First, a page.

The proposed legislation, known as Senate Bill 739, would amend Virginia’s education law to protect the right of parents to opt their children out of mask requirements on school grounds. The changes would apply to all public elementary and secondary schools, as well as all school-based childhood care and education programs.
“A parent making such an election shall not be required to provide a reason or any certification of the child’s health or education status. No student shall suffer any adverse disciplinary or academic consequences as a result of this parental election,” the bill’s language states.
The bill passed the Virginia Senate on Feb. 9 by a largely party-line vote of 21 to 17, with three Democrats joining the Republicans in support of the measure. It then passed the House on Feb. 14 by a vote of 52 to 48 without any Democrat support.
Senate Bill 739 now awaits the signature of Youngkin, who is expected to add an emergency clause so that the proposed changes could come into effect as early as March 1.
“I am pleased that there is widespread and bipartisan support in Virginia for a parental opt-out of mask mandates in schools,” the Republican governor said Monday. “Today, the General Assembly took a significant step for parents and children. After passing both chambers of the General Assembly, SB 739 will give parents a choice regarding their child’s health, education, upbringing, and care.”
Democrat state lawmakers, who not too long ago supported the Ralph Northam administration’s K-12 school mask mandate, now argued that it should be left for individual school districts to decide their own mask policy. Meanwhile, the Republicans said that the changes will not prevent parents who wish to keep their children masked at school from doing so.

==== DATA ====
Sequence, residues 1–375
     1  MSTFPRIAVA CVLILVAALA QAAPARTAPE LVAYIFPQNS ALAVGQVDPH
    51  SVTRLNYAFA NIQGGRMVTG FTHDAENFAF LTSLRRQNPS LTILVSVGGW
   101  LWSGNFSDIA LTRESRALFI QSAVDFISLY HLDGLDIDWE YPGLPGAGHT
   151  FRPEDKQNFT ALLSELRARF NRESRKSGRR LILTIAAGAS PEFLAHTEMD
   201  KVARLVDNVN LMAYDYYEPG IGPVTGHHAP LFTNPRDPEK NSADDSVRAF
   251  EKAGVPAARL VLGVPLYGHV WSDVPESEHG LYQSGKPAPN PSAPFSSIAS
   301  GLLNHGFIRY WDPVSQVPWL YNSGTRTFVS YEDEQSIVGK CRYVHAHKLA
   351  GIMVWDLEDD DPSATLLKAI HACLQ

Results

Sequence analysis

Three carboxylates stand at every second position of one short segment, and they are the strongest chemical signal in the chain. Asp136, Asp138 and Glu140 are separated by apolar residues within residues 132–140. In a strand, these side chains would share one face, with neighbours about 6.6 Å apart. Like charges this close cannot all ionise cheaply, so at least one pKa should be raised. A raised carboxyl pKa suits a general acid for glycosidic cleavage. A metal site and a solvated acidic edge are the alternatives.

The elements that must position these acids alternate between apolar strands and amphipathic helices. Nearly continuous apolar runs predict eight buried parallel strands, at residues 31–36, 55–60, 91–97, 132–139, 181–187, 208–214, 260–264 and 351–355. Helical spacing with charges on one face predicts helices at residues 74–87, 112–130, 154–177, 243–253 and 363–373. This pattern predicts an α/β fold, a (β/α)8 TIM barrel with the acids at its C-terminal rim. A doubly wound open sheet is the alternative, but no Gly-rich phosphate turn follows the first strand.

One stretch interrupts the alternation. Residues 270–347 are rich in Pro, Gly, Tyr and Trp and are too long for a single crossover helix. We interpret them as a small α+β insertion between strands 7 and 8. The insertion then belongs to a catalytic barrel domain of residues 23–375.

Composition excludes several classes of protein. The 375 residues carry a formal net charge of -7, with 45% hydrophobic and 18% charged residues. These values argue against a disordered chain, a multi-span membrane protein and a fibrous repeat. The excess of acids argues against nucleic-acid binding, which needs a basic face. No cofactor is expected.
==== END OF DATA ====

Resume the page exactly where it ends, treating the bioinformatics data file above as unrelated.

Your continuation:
“You still have an option to send your child to school with a mask. No one is stopping that,” said Republican Delegate Emily Brewer. “But I will tell you who will remember this: In a decade, these children will wonder who stood up for their freedom. They will wonder who stood up for parents and who stood up for an option.”
The passage of the bill comes after a judge blocked Youngkin’s initial attempt to give parents the final say on masking for their children via an executive action. In an opinion letter issued Feb. 4, Judge Louise DiMatteo of Circuit Court of Arlington County ruled Youngkin’s executive order goes against a state law saying school districts should follow federal health guidelines as much as possible.
“While the General Assembly has granted to the Governor significant and sweeping general powers to address an emergency, when confronted with a specific statute addressing the manner in which in-person learning can resume and directs local school boards to follow the guidance of the CDC, ‘to the maximum extent practicable,’ it does not follow that the Governor, even in an emergency, can direct the School Boards to ignore the General Assembly’s deference to CDC guidance and to abandon their considered determination about what is practicable regarding those mitigation strategies,” DiMatteo wrote.